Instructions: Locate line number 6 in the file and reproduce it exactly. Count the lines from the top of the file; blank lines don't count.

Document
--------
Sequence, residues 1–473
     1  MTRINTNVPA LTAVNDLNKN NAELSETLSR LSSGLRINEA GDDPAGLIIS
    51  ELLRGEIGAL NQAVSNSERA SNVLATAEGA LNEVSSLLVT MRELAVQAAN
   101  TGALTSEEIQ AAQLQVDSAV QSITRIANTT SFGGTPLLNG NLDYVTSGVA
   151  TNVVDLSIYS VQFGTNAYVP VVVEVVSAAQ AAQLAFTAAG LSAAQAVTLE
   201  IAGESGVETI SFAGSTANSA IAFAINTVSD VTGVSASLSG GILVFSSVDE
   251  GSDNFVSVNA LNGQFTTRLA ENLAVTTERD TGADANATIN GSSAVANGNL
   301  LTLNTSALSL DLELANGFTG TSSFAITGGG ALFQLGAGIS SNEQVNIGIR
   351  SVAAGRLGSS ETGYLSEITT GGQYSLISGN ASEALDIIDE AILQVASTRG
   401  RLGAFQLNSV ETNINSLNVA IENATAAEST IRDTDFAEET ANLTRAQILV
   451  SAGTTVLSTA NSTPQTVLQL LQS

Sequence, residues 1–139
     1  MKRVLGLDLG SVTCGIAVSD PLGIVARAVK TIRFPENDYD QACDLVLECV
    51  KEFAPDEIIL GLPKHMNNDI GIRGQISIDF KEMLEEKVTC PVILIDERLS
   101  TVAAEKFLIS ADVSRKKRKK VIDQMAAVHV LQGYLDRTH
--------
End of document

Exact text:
   201  IAGESGVETI SFAGSTANSA IAFAINTVSD VTGVSASLSG GILVFSSVDE